I can't think of an example where a politician has used abductio ad absurdum and been hurt for it. Can you give examples?

Posted by: apantomimehorse | Aug 21, 2006 1:06:49 AM

Oh duh, the link. Hmm, I'm not sure that's a warning about abductio ad absurdum in general. More like, "don't make racist abductio ad absurdum arguments".

Posted by: apantomimehorse | Aug 21, 2006 1:08:43 AM

I know what reductio ad absurdum is, but what's abductio ad absurdum? Is that when the aliens take you away to an absurd place?

Posted by: Neil the Ethical Werewolf | Aug 21, 2006 1:12:47 AM

I know what reductio ad absurdum is, but what's abductio ad absurdum?

Ya know, Neil, if space aliens abducted all the African American babies, the crime rate would go down.

Posted by: Vladi G | Aug 21, 2006 1:20:20 AM

Another thing politicians need to worry about: Dissuading their volunteers from getting in brawls. Al "I occupy space" Wynn's goons have certainly given his challenger, Donna Edwards, a lot more favorable media attention than she would have received just by being a superior candidate -- which she is.

Posted by: sglover | Aug 21, 2006 1:20:52 AM

I find it hard to believe YouTube will change the political realities largely because I find it hard to believe YouTube will continue to exist for very long. It takes an enormous amount of bandwidth, which it does not seem to be anywhere near paying for yet. And it will be a while before a company does figure out how to make that pay enough.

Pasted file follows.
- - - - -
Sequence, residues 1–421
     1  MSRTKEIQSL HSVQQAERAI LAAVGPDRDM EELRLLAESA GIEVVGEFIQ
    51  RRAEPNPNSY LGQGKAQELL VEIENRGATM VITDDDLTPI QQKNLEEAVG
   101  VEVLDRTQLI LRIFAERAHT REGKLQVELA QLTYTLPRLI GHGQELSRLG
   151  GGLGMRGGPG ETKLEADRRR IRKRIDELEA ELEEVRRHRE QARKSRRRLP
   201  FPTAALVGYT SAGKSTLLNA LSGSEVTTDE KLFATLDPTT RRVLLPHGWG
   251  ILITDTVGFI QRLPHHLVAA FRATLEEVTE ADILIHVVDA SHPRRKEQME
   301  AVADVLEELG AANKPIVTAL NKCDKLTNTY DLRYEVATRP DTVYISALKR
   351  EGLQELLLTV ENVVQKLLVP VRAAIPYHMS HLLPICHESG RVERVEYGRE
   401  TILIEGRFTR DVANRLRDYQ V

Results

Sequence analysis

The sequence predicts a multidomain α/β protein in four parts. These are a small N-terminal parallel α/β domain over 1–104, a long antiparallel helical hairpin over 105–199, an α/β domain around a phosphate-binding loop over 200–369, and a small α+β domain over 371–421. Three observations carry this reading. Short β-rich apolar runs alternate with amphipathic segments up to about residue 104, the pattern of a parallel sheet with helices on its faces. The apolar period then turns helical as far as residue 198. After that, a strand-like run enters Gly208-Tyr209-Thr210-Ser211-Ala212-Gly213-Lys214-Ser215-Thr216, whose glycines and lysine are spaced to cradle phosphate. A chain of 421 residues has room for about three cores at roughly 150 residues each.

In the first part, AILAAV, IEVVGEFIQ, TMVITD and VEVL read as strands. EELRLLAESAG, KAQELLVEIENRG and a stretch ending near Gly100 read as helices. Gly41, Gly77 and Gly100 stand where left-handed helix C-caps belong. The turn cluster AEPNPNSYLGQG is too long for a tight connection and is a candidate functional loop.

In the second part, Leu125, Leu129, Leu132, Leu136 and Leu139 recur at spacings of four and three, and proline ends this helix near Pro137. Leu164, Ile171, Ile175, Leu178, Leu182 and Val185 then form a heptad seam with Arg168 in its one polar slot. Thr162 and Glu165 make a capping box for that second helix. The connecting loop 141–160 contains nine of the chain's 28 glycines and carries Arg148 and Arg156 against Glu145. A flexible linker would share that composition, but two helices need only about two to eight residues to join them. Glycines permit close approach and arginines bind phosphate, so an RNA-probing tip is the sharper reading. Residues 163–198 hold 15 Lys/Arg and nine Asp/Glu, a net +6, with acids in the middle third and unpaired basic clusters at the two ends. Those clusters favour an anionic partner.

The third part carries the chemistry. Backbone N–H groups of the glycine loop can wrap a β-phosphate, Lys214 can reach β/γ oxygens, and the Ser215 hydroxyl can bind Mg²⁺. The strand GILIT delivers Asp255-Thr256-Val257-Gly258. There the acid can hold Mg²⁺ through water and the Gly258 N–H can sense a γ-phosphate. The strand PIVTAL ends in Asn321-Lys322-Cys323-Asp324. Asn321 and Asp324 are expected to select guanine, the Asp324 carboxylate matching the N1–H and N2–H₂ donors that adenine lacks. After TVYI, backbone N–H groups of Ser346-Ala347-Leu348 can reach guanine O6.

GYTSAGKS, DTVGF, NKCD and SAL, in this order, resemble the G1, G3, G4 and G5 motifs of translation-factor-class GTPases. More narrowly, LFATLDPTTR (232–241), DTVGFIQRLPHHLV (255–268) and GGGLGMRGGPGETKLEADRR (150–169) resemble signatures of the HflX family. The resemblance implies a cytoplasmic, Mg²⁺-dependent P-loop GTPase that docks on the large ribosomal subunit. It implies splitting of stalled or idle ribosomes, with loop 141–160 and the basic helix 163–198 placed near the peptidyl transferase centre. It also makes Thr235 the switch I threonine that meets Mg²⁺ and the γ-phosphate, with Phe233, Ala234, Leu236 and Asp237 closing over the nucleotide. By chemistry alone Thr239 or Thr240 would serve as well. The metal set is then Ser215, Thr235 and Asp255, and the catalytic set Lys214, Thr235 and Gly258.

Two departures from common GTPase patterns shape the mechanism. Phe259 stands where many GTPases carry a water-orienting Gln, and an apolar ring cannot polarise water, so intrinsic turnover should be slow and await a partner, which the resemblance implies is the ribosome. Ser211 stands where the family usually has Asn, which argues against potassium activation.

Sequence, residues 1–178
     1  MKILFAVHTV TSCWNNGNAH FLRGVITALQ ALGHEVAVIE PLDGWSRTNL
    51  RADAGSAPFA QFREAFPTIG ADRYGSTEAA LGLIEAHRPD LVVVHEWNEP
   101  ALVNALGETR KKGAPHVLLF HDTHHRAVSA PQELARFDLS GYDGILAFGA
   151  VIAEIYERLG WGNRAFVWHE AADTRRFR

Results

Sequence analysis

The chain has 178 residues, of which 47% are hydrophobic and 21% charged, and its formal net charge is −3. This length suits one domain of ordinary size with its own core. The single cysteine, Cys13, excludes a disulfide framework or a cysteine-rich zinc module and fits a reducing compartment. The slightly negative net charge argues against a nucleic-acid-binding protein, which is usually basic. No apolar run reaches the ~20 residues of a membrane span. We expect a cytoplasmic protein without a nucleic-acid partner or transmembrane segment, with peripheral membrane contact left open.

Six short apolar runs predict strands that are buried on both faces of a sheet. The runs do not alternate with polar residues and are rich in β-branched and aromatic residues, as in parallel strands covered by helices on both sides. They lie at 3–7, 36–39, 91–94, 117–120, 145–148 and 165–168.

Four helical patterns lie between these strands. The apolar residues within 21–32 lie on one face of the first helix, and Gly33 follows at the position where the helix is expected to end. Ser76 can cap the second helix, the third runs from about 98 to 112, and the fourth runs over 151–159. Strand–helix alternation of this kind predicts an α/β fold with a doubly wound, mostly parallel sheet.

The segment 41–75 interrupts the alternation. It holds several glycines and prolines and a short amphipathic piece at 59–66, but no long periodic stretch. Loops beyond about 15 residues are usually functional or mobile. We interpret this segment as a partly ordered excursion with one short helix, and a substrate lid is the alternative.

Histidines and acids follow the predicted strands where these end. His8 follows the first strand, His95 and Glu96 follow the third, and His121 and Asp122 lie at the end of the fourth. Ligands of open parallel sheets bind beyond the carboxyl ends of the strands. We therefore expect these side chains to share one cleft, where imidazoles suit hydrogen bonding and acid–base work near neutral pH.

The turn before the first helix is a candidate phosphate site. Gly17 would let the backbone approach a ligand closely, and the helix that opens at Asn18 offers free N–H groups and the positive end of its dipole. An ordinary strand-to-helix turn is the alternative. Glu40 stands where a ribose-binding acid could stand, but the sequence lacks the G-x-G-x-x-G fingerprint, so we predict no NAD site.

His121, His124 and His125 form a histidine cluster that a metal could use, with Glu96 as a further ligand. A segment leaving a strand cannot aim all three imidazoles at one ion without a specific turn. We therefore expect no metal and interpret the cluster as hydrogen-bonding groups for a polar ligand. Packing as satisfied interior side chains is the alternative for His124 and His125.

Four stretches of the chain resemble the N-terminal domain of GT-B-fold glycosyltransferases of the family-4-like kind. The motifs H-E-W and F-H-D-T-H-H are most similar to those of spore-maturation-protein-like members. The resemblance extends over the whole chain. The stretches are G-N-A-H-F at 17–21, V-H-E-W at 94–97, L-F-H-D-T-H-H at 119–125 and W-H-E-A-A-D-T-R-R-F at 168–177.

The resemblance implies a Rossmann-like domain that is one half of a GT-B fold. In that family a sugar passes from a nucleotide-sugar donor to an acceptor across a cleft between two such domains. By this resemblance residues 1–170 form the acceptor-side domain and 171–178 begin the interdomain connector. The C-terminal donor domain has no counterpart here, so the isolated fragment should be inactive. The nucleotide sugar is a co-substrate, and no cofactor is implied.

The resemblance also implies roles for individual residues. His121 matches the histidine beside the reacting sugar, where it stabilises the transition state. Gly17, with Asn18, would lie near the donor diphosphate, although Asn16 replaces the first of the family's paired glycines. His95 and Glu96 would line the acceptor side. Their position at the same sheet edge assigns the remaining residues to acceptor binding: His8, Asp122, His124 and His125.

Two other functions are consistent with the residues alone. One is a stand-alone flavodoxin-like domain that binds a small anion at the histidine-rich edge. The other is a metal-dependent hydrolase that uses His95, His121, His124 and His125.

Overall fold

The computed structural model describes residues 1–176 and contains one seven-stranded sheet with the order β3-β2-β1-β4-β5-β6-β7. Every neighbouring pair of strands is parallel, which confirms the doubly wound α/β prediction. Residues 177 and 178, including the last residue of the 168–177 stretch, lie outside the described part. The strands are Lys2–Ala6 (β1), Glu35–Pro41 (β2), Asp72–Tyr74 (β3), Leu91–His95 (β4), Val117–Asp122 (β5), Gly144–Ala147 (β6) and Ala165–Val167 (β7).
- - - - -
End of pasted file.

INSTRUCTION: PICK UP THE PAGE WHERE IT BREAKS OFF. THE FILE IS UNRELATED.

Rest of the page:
Posted by: Tony v | Aug 21, 2006 9:30:44 AM

tony- what's your day job?

Posted by: akaison | Aug 21, 2006 10:57:38 AM

apantomimehorse: I can't think of an example where a politician has used [re]ductio ad absurdum and been hurt for it. Can you give examples?

Rick Santorum: Every society in the history of man has upheld the institution of marriage as a bond between a man and a woman. Why? Because society is based on one thing: that society is based on the future of the society. And that's what? Children. Monogamous relationships. In every society, the definition of marriage has not ever to my knowledge included homosexuality. That's not to pick on homosexuality. It's not, you know, man on child, man on dog, or whatever the case may be. It is one thing. And when you destroy that you have a dramatic impact on the quality.
--AP Interview; April 20, 2003

Posted by: Chris | Aug 21, 2006 1:39:28 PM

Ronald Reagan was pretty notorious for making bizarre, unsupported, bellicose statements. So was Barry Goldwater. One got hurt by them, the other didn't.

The end results don't seem to have been determined by the gaffes, but much more by the personalities of the two candidates, and the context of the times they were living in.

Posted by: Chris | Aug 21, 2006 1:42:47 PM

Oh duh, the link. Hmm, I'm not sure that's a warning about abductio ad absurdum in general. More like, "don't make racist abductio ad absurdum arguments".

Actually, in as much as the crime rate in the African Americans group is higher than that of the general population - isn't he factually correct? Given the way he couched the comment, I don't see him as being particularly racist in this statement.

Posted by: Phoenician in a time of Romans | Aug 21, 2006 9:06:49 PM

The comments to this entry are closed.